Star Trek: Deep Space Nine holds an extra-special place in my heart. It's where I went from being a makeup artist to becoming a member of the legendary Star Trek art department. It all started while doing makeup on TNG. I lived on those beautiful Enterprise D sets. I ate, slept and worked there. To say I was blown away by them would be an understatement. They came out of the rarefied air of that art department. I knew that's where I belonged. I could feel it in my DNA.
You had to be able to stretch to be art department. When I was a makeup artist, no one was going to tell me to make a translite for that wall over there, or that we needed to build a space station model by 6 tonight, or create backlit graphics for an entire Starfleet bridge by the end of the week. Working in the DS9 art department meant absolute unpredictability. Even more than makeup. It was crazy, and it was fun, and I made lifelong friends with people that were crazy, and fun.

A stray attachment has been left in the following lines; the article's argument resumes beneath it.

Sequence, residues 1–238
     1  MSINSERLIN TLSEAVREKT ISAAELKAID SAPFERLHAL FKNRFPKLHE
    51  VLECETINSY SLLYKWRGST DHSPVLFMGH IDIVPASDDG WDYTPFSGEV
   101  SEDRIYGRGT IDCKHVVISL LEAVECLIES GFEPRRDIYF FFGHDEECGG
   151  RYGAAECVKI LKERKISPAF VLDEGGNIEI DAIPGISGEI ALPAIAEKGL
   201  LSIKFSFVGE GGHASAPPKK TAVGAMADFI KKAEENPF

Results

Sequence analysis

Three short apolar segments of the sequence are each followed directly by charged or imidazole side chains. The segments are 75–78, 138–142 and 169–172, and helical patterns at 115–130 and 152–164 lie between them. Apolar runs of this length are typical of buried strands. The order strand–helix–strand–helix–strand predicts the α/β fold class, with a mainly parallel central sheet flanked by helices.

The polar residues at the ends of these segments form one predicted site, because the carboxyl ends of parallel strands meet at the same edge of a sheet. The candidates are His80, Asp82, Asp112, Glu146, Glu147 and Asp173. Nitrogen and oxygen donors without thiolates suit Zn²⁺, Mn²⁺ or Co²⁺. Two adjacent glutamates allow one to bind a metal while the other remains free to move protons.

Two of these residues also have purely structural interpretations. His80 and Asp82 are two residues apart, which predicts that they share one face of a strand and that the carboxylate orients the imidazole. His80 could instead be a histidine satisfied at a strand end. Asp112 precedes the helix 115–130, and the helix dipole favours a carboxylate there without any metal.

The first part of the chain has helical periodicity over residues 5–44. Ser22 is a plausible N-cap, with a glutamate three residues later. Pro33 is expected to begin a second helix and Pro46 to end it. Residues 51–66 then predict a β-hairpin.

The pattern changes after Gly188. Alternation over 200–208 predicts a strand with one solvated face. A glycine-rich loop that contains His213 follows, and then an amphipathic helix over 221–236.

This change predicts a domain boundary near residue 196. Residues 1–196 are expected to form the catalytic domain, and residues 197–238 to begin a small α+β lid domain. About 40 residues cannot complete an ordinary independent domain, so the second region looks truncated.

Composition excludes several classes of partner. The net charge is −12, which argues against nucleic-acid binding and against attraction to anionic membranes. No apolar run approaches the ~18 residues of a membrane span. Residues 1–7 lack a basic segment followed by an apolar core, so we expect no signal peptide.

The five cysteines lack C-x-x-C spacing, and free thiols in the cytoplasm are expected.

I was scanning my notes, and found what amounts to a diary of a day’s highlights while working on DS9, and I thought you guys would get a kick out of them. It seems extraordinarily fitting on this milestone celebration of Deep Space Nine... 20 years!